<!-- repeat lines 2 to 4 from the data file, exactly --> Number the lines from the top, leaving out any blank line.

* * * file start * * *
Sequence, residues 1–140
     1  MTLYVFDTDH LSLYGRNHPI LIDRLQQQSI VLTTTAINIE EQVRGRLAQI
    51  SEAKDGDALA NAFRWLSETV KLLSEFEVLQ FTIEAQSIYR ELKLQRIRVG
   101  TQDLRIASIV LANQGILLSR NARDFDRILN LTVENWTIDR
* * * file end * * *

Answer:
     1  MTLYVFDTDH LSLYGRNHPI LIDRLQQQSI VLTTTAINIE EQVRGRLAQI
    51  SEAKDGDALA NAFRWLSETV KLLSEFEVLQ FTIEAQSIYR ELKLQRIRVG
   101  TQDLRIASIV LANQGILLSR NARDFDRILN LTVENWTIDR